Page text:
Letters to the Editor – December 2013/January 2014
Modern Medicine Creates Lifetime Drug Dependency
(Re: On Being Grateful for What We’ve Got, by Helke Ferrie; Nov. 2013)
I was gratified to read Helke Ferrie’s article, ‘On Being Grateful for What We’ve Got’ in your November issue. My mother has been on the blood thinner, Warfarin, for almost three years now. She was prescribed this drug when a small clot was discovered in her leg during a hospital stay.
Now she visits the health clinic every few weeks so they can monitor her blood and adjust the blood thinner dosage as necessary. She was also told she would have to be on this drug for the rest of her life, “to be sure no other clots form.”
I’m concerned that this ‘preventive’ drug strategy is at the least unnecessary; and at worst, harmful; she’s putting this toxin into her body every single day.
Interestingly, just a few days ago Dr. Oz was ranting on his show about the ill-advised guidance given to patients by many (most?) mainstream doctors – ie. that their patients must stay on drugs like this for life. So it appears that Ms. Ferrie and Dr. Oz are in mutually good company in their efforts to educate the public. We need voices like theirs to counter the drug misinformation that continues to bombard us daily.
Stoney Creek, ON
Natural Health Products: Know What You’re Consuming
Not all natural health products are created equally. While some manufacturers cut corners and substitute ingredients, there are other natural remedies which have been clinically tested and approved by Health Canada for their effectiveness. The bottom line: it’s important for the public to educate themselves and understand what they are consuming.
“Many natural health product manufacturers do deliver what they promise and aren’t just out to make a quick buck,” says Mackie Vadacchino, CEO of A.Vogel Canada.
Vadacchino references a recent article published in the Journal of BMC Medicine which claimed that 44 herbal products from 12 un-named companies contained 20% filler not listed on the bottle, and that one third of the product offerings did not contain any DNA of the plant-based supplement the company was advertising.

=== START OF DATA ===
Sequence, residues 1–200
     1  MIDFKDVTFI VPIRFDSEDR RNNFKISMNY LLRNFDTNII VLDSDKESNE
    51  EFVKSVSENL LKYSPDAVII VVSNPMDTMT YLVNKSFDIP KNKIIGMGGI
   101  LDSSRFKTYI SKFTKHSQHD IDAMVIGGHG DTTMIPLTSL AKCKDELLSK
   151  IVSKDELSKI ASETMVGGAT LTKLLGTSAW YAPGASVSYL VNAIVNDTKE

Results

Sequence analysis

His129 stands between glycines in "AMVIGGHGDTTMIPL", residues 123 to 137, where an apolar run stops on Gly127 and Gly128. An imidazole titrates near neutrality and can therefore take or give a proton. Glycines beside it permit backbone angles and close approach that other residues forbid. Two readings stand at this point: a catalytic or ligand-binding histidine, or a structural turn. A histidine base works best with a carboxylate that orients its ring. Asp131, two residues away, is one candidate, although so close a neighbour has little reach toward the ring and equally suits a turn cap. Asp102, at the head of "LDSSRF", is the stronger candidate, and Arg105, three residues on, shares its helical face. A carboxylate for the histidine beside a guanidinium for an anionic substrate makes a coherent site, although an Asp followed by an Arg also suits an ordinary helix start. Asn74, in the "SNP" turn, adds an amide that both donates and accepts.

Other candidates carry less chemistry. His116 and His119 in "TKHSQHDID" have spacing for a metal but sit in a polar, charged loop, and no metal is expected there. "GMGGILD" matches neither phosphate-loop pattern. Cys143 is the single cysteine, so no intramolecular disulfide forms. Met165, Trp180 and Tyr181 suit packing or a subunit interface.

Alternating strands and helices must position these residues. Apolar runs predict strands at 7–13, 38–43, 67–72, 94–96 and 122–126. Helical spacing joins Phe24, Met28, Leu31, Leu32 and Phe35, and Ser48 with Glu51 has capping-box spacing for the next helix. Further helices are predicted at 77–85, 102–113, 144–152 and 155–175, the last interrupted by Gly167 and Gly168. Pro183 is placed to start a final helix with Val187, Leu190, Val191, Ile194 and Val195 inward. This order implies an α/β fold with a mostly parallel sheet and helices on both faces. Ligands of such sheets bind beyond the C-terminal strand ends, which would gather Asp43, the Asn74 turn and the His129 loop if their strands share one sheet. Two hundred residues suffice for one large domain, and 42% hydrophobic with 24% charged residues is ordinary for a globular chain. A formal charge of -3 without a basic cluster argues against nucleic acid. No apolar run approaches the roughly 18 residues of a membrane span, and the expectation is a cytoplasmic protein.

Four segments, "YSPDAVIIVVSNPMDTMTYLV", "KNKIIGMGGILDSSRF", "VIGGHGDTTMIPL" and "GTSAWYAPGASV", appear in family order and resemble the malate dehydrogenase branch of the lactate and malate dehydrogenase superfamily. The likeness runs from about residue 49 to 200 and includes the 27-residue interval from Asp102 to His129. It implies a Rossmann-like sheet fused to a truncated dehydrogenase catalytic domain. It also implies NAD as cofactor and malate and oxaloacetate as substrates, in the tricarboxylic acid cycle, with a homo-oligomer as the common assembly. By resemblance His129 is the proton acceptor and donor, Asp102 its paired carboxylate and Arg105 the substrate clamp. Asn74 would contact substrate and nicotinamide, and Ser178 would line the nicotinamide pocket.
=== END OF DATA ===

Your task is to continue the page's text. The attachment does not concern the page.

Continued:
“The study was disappointing as it did not provide a complete picture of the industry,” said Vadacchino. “There are high quality herbal products that have been thoroughly tested in clinical environments and that have been approved and licensed by Health Canada. The study could have been a great opportunity to educate consumers about the differences in natural products instead of tarring the entire industry with the same brush.”
“When buying natural health products, the most important thing a consumer can do is arm themselves with knowledge,” says Professor Dr. Eccles, a leading researcher at the Common Cold and Health-Care Centre and part of the School of Biosciences, Cardiff University in the United Kingdom. “You don’t buy wine without understanding the provenance of where it comes from; it’s the same with these natural products,” says Eccles. “Consumers should only buy from companies that have highest quality – those that have done testing and trials that are published in the public domain.”
Eccles believes you get what you pay for. “The companies that standardize their processes are the only ones who are able to deliver a consistent product each time,” he explains, pointing to a study he undertook, with four other researchers, for A. Vogel.
The study was the largest clinical trial to date to test the safety and efficacy of Echinacea. As a result of the study findings, A.Vogel’s Echinaforce is the only natural product licensed by Health Canada for both prevention and long-term treatment of colds and ‘flu. The product has also been approved for use for up to four months, where other products can only be used for two weeks.
A. Vogel leads in clinical studies, their products undergo 500+ quality control checks and transparency in testing is considered crucial. Eccles, who has visited the A. Vogel manufacturing site in Switzerland, also stressed that A. Vogel remedies are derived from fresh plants. Just as when fresh herbs and spices are used in cooking (vs their dried equivalents), a more potent product is delivered.
The public would have been better served if the study published in the Journal of BMC Medicine had also been transparent with its findings, as consumers need to be fully informed when it comes to natural health products.
Question About Vitality’s Massive Online Archive of Published Articles
I have been reading your magazine for many years now and consider it to be an excellent source of up-to-date health information.
I also use your website but find one thing frustrating – [when I’m researching a topic] and a specific article comes up in a search, nowhere can I find the date of original publishing. I like to know how old the information is, but there is no way I have found of determining that. Could you please correct that?
Otherwise, thanks for many years of great information and inspiration.